In the first article in this series, Salon explored how officials with a controversial pro-Trump nonprofit called the Urban Revitalization Coalition (URC) — which recently lost its tax-exempt charity status and made headlines early in 2020 with suspicious cash giveaways to Black voters — facilitated an off-the-books 2018 foreign influence campaign on behalf of powerful interests in Turkey.

The principal figures in this strange tale are Darrell Scott and Kareem Lanier, both prominent Trump surrogates in the Black community, who apparently used URC as a vehicle to, among other things, “solicit donations” from wealthy Turkish nationals. Some of these came by way of former MAGA-world star Rabia Kazan, a Turkish citizen living in the U.S. who was brought on board strictly

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During COVID-19, many doctors and patients are using telehealth to keep connected

Dr. Sarvam TerKonda of the Mayo Clinic Center for Connected Care consults with a patient.
Dr. Sarvam TerKonda of the Mayo Clinic Center for Connected Care consults with a patient.

In 2019, Mayo Clinic’s campus in Florida was ramping up its virtual options for patients, and providers conducted about 100 appointments by video throughout the year. This spring, with people staying home as a result of the COVID-19 pandemic, the clinic was performing about 600 virtual patient visits per day. 

“I think that’s been a real advantage of the pandemic — it’s really allowed us to utilize telemedicine to benefit both patients and clinicians,” says Dr. Sarvam TerKonda, a plastic surgeon and a medical director for Mayo Clinic Center for Connected Care.

And Mayo Clinic patients have embraced the change and are pleased with the process: Surveys are showing that 95 percent to 98 percent of patients rate the video appointments as a  positive experience, TerKonda says.

During the pandemic, doctors in many parts of

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What will China’s central bank digital currency mean for Alipay and WeChat Pay?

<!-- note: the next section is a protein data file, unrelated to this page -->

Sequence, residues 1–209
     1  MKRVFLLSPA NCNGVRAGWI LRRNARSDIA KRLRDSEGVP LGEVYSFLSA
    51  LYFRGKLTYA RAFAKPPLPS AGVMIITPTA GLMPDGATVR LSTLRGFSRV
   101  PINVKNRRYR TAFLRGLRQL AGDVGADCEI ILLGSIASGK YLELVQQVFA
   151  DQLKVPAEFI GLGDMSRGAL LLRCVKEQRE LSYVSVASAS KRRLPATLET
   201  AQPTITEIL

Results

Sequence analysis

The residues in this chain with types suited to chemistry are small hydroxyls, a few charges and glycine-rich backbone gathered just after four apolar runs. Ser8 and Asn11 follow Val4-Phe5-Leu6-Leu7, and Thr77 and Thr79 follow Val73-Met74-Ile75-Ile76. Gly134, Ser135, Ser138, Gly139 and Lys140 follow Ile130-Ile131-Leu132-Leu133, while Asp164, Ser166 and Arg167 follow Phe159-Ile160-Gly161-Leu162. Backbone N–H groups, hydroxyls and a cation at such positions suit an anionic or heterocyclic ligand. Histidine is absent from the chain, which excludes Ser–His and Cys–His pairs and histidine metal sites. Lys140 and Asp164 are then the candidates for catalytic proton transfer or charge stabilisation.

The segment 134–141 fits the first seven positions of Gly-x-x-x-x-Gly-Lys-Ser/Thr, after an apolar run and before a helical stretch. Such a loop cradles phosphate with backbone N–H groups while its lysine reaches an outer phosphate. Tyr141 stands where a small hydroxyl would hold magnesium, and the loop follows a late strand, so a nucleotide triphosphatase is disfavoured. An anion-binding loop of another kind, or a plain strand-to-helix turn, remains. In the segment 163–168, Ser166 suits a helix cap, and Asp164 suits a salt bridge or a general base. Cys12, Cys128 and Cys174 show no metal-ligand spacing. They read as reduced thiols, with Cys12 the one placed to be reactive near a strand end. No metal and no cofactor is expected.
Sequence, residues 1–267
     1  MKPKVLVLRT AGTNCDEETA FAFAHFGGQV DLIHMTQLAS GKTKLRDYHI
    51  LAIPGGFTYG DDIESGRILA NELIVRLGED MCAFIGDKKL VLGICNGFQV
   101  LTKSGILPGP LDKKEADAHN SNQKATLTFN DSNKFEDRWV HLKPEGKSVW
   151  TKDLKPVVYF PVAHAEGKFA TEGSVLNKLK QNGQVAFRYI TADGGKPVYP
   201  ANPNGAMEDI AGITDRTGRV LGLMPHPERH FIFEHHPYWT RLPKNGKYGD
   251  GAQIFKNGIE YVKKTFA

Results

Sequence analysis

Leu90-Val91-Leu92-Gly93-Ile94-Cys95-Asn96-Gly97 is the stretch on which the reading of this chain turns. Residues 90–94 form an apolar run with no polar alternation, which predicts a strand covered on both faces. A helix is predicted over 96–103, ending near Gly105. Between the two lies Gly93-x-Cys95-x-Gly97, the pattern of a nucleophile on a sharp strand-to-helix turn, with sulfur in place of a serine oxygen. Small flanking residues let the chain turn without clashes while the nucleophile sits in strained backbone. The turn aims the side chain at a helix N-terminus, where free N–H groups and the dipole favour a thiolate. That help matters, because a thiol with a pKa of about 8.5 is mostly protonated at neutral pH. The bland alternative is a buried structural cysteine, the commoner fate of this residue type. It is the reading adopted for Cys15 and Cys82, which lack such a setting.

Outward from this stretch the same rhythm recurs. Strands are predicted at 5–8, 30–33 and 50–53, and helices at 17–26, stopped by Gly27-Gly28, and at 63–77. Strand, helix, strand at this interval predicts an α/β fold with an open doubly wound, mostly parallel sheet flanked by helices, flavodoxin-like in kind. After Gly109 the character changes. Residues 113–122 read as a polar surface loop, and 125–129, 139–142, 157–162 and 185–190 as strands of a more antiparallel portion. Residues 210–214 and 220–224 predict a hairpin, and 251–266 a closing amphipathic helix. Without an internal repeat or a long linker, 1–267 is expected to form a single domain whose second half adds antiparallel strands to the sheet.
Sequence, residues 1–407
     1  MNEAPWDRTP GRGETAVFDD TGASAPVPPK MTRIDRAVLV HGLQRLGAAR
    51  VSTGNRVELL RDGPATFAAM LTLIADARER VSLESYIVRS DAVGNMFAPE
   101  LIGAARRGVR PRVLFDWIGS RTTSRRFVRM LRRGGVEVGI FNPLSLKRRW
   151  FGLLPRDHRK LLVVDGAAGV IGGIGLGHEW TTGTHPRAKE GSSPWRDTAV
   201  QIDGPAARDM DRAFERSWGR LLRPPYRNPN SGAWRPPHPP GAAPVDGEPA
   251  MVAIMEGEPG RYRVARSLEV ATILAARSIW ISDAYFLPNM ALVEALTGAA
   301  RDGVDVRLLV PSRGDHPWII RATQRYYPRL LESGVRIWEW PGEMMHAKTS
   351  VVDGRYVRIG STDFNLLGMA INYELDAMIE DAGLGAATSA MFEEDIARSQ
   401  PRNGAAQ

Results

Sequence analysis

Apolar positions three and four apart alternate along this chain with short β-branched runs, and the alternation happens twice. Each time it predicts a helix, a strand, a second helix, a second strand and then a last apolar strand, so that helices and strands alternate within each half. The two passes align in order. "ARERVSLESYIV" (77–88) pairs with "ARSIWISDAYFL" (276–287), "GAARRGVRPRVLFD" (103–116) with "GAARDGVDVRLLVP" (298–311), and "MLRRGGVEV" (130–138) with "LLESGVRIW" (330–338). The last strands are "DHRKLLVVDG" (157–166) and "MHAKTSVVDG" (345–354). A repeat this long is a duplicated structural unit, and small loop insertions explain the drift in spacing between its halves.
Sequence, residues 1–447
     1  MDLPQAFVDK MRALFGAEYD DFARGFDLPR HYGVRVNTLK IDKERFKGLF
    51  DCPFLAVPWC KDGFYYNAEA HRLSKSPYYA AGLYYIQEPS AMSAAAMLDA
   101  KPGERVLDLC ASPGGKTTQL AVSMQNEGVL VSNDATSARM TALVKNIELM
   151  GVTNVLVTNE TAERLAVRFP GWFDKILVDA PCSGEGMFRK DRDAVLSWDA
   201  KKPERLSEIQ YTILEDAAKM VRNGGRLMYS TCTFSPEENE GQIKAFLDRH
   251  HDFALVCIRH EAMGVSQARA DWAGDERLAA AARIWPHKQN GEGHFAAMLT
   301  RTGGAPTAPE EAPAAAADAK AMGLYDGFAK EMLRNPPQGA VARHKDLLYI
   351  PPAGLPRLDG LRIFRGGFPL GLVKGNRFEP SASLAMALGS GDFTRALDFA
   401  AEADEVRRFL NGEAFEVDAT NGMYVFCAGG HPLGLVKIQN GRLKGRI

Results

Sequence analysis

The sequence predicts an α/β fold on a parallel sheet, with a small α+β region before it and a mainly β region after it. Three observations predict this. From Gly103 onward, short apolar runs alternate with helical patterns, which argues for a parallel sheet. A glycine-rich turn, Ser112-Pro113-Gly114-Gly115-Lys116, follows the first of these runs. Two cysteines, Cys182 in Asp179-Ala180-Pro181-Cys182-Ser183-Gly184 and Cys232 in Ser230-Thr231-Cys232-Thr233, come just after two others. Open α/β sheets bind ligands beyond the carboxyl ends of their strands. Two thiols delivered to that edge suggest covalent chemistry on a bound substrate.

China’s e-payments ecosystem is set to step up a level of sophistication as the coronavirus pandemic and deteriorating US-China relations hasten Beijing’s plans for a digital fiat currency; potentially complicating a landscape dominated by Alipay and WeChat Pay.

The central bank’s e-yuan, called Digital Currency Electronic Payment (DC/EP), would let citizens ­pay for goods with e-wallets, replacing banknotes and coins and ­accelerating the dash by the world’s second-largest economy towards a cashless society.

“The timetable has been sped up by the coronavirus and the realpolitik of US-China relations,” said former IBM executive Richard Turrin, who is writing a book on China’s digital currency.

China already boasts more electronic mobile payments than anywhere else, with 711 million monthly active users on Ant Group’s Alipay and about 800 million on Tencent Holdings’ ­WeChat Pay service in a US$49 trillion market, almost 500 times bigger than in the United States. Yi Gang, the … Read More

Affordable prints to decorate your university room with

The Independent
The Independent

Design and style aside, most people can agree that a room isn’t quite complete without a little bit of decoration on the walls – wheter that’s in the form of prints, artwork or photographs.

As you move into your new student halls or shared house, considering what you’re going to bring to brighten up your blank canvas is just as important as the pots and pans you’ll be ladened with.